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At Least 65 Animals Also Laugh, Study Finds

As humans, we use laughter to signify enjoyment and comfort among friends. Though its evolutionary origins have always been a bit mysterious, it's a joyous part of human existence that does well to be shared with others.

Thanks to recent studies that collected existing scientific literature regarding animal play behaviors, we now know that the act of laughter is shared among at least 65 other species!

They say that laughter is the best medicine, but until recently, it was a medicine mostly reserved for humans.

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While there has been prior research indicating that a few animals out there have their own form of laughter, namely other primates and rats, new studies show that it's actually far more common than once believed, with at least 65 species sharing the behavior!

It's a pretty varied list, too.

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Laughter has been found in a variety of primates, dogs, cows, seals, foxes, and mongooses just to name a few. It's also been noted in at least three bird species, including parakeets and Australian magpies.

The study was conducted by primatologist Sasha Winkler and UCLA professor of communication Greg Bryant.

The pair didn't only look at the singular act of laughter, though.

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They also categorized the types of laughter by looking at traits of the vocalizations. They'd record how loud the laughter was, whether it was high-pitched or low-pitched, short or long, and whether or not it was a single call or a number of sounds.

These are all features of what is known as play-language.

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Play-language has been seen in many different species for decades now. This behavior can include facial expressions, like what is called "play-face" in primates, and physical body movements, such as "play bows" in canines.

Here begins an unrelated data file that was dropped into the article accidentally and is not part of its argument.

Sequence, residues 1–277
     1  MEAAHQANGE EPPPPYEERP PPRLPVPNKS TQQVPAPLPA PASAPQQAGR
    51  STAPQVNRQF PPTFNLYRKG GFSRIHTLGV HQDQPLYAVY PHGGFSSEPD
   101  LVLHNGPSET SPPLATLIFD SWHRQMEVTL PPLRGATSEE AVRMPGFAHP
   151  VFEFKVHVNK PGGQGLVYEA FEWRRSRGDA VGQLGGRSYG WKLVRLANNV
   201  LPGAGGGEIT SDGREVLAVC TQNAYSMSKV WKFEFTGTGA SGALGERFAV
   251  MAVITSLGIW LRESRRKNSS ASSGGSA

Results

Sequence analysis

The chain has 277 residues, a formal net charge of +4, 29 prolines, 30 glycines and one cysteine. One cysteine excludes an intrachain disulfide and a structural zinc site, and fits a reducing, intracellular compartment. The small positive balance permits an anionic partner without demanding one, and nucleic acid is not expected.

All are used as a diffuser, indicating to the other party that they mean no harm in their actions.

After all, what other animals consider playing can seem pretty aggressive to human onlookers.

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In fact, it almost always looks like fighting, two friendly parties rough-housing as a form of enrichment and bonding. Thanks to play-languages they can continue to have fun safely by communicating with their playmates.

Play sounds, or laughter, does the same thing.

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"When we laugh, we are often providing information to others that we are having fun and also inviting others to join," said Winkler, "Some scholars have suggested that this kind of vocal behavior is shared across many animals who play, and as such, laughter is our human version of an evolutionarily old vocal play signal.”

The list of species who do laugh is by no means complete, either.

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Both Winkler and Bryant have expressed that further research into play vocalizations would be good, but it can be very difficult to come across in the wild as not every play sound is audible to the human ear.

This has been noted in rats especially.

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Scientists can get rats to laugh easily by tickling them (yes, really), but their version of laughter is an "ultrasonic vocalization" that can't be heard by human ears.

Meanwhile, primates have a play sound that's extremely similar to human laughter, making it far more recognizable.

Despite the struggles, it remains an important topic of study.

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By learning more about play sounds, we can relate them right back to us humans, and learn how "human social complexity allowed laughter to evolve from a play-specific vocalization into a sophisticated pragmatic signal,” as Winkler and Bryant put it.

Laughter is a fascinating phenomenon that we now know is shared much more widely among the animal kingdom than we thought.

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And though the human complexities of laughter are abundant, knowing that it's so deeply entrenched in not just our evolutionary history, but that of potentially hundreds of species across the world, is a beautiful thing!

h/t: Open Culture